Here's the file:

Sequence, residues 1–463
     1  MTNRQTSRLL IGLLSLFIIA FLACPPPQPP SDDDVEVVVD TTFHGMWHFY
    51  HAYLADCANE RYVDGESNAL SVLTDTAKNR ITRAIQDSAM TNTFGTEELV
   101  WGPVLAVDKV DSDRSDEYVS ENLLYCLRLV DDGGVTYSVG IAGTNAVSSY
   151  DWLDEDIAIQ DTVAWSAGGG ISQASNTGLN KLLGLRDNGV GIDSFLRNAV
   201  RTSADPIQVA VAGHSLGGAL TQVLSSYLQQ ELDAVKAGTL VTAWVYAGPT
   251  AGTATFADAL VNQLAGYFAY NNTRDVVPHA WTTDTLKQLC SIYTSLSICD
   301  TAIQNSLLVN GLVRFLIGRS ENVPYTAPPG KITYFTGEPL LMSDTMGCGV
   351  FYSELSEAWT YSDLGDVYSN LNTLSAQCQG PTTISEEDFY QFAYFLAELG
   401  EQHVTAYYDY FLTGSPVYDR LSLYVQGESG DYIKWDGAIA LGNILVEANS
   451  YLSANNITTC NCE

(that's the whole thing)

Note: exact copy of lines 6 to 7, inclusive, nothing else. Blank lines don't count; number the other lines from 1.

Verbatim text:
   201  RTSADPIQVA VAGHSLGGAL TQVLSSYLQQ ELDAVKAGTL VTAWVYAGPT
   251  AGTATFADAL VNQLAGYFAY NNTRDVVPHA WTTDTLKQLC SIYTSLSICD